Nelson took the week of June 20 off from the state Department of Health and Human Resources, where he works as the director of the office of the inspector general, to work on the project. He worked 10 hours each day that week sketching the soldiers, cannons, flags and President Lincoln onto the concrete.

Since then, he’s worked weekends and evenings, weather permitting, on the painting. He said he enjoys working outside and that people often stop to talk to him about the painting. Most of the comments he said have been positive.

“Somebody stopped dead in the middle of the road last night,” Nelson said, gesturing over to Virginia Street. “It was a gold colored Pontiac. He yelled, ‘Hey man, that’s awesome.’ “

He said the work is moving along quickly now. He has detail work to finish and still has to put the script on the proclamation with Lincoln.

Nelson estimated his pier would be completed by the second week of August.

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Information from: Charleston Daily Mail, http://www.dailymail.com

 


ADDITIONAL IMAGE OF NOTE


View of the Kanawha River, downtown Charleston, W. Va. Photo by Marduk.

View of the Kanawha River, downtown Charleston, W. Va. Photo by Marduk.

Ernest Lawson oil on canvas. William Jenack image.

William Jenack presents fine art and antiques auction, Aug. 11

Ernest Lawson oil on canvas. William Jenack image.

Ernest Lawson oil on canvas. William Jenack image.

CHESTER, N.Y. – William Jenack Estate Appraisers and Auctioneers will conduct a Fine Art & Antique auction to be held at the Jenack gallery, with Internet live bidding through LiveAuctioneers.com. The Sunday, August 11, 2013 event will commence at 11 a.m. Eastern Time.

The sale is set to include collection of Chinese art, Wedgwood, Murano, Victorian and art glass, French copper cookware, oils, etchings, furniture, carpets, bronzes, lithographs and more decorative accessories.

The category of glass will feature a signed Durand threaded vase, Kosta Boda artist series vase, selection of signed Murano glass including abstract mother and child, latticino glass bowls, Victorian crackle glass compote glass with hand form stem, Victorian epergne with hanging baskets, collection of Tiffany style favrile glass, Steuben, Waterford and much more.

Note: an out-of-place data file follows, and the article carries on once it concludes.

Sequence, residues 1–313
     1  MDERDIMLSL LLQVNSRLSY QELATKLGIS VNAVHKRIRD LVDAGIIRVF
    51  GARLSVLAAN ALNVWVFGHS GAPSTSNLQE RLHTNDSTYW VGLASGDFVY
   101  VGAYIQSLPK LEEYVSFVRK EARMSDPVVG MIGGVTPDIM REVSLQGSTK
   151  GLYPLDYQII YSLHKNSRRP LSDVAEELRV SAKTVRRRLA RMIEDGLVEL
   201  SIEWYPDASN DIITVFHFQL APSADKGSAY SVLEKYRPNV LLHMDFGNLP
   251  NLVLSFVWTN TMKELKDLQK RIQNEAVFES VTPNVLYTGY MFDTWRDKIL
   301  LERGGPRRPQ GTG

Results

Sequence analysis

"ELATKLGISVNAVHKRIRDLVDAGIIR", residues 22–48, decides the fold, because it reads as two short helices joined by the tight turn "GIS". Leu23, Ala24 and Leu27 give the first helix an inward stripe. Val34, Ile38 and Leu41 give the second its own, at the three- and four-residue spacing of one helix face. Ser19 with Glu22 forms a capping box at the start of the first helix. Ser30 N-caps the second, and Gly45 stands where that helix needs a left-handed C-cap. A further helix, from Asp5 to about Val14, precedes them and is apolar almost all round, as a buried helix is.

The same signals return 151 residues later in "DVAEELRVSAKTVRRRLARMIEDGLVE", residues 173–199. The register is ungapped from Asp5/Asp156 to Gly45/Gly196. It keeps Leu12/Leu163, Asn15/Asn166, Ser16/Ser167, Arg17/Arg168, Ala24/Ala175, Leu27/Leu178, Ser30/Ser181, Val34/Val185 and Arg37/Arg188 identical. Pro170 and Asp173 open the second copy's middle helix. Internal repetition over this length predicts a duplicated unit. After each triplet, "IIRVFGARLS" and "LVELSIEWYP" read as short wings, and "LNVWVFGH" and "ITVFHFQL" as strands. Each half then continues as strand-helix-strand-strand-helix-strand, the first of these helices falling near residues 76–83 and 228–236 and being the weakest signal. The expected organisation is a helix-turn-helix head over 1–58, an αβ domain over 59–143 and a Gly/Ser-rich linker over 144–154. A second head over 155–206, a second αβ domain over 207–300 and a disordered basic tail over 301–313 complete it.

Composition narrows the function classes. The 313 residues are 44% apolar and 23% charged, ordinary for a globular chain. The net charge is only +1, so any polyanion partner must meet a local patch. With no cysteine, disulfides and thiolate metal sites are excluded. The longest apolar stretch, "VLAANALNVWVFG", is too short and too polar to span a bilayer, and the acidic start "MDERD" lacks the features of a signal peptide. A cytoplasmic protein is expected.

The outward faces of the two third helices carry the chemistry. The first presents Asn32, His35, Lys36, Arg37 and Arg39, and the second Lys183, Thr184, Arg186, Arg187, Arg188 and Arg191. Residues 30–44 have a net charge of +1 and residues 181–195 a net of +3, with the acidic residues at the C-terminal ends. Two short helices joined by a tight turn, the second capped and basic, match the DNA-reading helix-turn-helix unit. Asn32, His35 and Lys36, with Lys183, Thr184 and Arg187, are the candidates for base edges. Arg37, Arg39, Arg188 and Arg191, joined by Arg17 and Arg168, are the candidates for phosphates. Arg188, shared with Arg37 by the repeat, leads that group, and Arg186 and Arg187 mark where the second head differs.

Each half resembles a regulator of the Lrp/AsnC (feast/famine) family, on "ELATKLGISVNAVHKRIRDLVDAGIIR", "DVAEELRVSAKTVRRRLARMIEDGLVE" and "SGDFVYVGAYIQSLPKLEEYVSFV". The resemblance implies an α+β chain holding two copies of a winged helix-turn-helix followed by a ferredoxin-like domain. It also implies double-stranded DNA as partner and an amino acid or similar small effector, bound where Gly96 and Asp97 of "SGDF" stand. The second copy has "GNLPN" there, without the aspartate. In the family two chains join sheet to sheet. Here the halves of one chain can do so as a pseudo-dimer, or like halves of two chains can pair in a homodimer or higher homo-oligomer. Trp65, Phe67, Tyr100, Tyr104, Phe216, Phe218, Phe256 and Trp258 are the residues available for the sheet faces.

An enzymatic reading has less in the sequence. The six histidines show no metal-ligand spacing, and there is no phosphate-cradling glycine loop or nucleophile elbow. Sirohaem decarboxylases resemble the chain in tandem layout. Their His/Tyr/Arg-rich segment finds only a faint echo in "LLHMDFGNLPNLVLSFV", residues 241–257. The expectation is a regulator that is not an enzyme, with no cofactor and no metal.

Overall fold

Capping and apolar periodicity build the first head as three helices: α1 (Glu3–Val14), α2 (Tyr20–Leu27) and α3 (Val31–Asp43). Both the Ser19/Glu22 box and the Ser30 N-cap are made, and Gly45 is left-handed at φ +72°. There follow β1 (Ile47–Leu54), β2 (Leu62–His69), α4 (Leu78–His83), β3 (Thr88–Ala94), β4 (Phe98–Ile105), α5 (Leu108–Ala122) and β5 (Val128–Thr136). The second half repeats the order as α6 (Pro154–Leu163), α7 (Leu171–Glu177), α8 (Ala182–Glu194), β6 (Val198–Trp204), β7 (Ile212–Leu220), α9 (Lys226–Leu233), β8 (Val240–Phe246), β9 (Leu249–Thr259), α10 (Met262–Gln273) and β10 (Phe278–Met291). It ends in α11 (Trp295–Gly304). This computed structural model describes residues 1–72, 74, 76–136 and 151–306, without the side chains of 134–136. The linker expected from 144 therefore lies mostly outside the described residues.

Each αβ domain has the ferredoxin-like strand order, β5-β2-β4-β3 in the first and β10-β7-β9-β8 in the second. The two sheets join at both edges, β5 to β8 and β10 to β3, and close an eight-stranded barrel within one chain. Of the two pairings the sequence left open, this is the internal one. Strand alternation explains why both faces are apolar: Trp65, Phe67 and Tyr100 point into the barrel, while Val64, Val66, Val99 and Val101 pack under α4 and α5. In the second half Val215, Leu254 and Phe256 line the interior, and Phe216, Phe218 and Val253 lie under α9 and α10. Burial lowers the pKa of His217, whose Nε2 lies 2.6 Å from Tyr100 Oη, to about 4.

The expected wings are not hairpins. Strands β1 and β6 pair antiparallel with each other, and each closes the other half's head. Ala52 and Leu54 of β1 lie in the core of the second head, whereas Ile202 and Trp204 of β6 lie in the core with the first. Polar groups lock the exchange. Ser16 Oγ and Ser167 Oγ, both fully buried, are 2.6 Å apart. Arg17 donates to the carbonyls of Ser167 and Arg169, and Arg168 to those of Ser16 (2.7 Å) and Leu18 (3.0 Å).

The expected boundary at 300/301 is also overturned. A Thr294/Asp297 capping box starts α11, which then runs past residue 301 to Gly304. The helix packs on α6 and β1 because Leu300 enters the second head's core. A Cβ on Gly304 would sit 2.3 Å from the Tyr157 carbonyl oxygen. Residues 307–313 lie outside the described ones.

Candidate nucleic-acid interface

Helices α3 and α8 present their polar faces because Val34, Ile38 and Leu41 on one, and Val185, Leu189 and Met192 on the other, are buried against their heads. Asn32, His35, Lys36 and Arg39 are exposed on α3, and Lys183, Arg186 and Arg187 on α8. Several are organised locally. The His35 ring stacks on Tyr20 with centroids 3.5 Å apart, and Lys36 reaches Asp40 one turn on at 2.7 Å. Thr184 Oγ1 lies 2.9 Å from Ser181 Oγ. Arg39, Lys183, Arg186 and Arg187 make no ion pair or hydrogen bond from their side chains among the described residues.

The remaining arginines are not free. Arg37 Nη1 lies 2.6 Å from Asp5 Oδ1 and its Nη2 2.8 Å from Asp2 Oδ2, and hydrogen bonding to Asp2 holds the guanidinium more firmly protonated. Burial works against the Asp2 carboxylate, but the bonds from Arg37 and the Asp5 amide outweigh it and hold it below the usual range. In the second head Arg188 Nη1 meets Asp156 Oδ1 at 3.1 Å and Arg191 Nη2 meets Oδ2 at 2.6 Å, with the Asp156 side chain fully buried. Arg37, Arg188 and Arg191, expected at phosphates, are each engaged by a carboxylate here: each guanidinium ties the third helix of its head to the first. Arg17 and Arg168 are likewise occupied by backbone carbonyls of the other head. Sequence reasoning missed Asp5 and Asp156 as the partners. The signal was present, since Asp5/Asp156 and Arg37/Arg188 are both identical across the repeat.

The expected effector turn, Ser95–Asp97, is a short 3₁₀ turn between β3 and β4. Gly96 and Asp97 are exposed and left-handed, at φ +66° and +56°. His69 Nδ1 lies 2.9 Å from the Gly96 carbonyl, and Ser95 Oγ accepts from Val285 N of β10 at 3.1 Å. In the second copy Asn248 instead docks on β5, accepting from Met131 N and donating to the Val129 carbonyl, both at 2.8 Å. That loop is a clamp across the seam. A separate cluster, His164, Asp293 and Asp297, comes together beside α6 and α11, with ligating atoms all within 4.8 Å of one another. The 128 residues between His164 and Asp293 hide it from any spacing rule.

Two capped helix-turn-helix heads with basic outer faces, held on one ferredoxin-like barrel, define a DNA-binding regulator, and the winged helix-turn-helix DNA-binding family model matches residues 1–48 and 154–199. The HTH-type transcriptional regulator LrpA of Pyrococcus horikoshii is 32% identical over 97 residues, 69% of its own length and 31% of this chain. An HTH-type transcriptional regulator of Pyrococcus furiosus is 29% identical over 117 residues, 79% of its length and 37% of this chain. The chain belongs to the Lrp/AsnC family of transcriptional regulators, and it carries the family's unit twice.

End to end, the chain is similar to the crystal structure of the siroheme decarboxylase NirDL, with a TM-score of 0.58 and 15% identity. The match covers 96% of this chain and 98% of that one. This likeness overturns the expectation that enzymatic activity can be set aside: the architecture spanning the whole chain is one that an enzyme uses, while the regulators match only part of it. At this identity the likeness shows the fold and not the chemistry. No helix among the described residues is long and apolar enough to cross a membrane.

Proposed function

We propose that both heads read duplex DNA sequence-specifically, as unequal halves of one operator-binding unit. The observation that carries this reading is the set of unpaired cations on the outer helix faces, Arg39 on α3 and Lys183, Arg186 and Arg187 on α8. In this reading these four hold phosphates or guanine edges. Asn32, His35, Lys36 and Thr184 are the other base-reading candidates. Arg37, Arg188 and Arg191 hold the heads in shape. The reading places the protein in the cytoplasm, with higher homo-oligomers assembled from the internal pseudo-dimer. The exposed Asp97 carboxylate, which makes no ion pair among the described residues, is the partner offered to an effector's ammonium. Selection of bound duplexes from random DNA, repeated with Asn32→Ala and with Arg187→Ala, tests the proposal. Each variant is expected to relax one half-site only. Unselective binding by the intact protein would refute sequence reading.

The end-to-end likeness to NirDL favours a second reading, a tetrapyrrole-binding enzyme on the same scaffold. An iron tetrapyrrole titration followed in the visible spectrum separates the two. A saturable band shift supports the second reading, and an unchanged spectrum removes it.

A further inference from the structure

Heading the artwork area will be a winter landscape by Ernest Lawson, a canvas titled “Northern Lights” by Rod Charlesworth, a lithograph by Adolphe Mouron Cassandre, a gouache of a nude by Katherine Woolf-Kuh, an autumn pond scene by Wayne Beam Morrell, a lithograph by Al Hirchfeld, a watercolor and gouache stormy Kentucky landscape by Robert Burns Wilson, and approximately 50 other works of art.

Furniture will include a Chinese mother-of-pearl inlaid dressing table and mirror and an étagère, several piece of German Art Deco furniture made of rosewood and birch, cerused oak bar cabinet, set of six wrought-iron branch/twig work barstools with pine cones, Designer Modern conference or dining table, set of four Art Deco dining chairs, display pedestals, Anglo-Indian campaign trunk, teak six-panel fretwork screen.

Decorative items include several lots of Cybis and Lladro figures, Edwardian photo albums featuring images of babies and children, vintage santos figures, art pottery, and bronzes of a giraffe and stag signed “Deur Loo.” There are hundreds of other quality lots in the sale that warrant a thorough look through the online catalog.

View the fully illustrated catalog and sign up to bid absentee or live via the Internet at www.LiveAuctioneers.com.

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View the fully illustrated catalog and register to bid absentee or live via the Internet as the sale is taking place by logging on to www.LiveAuctioneers.com.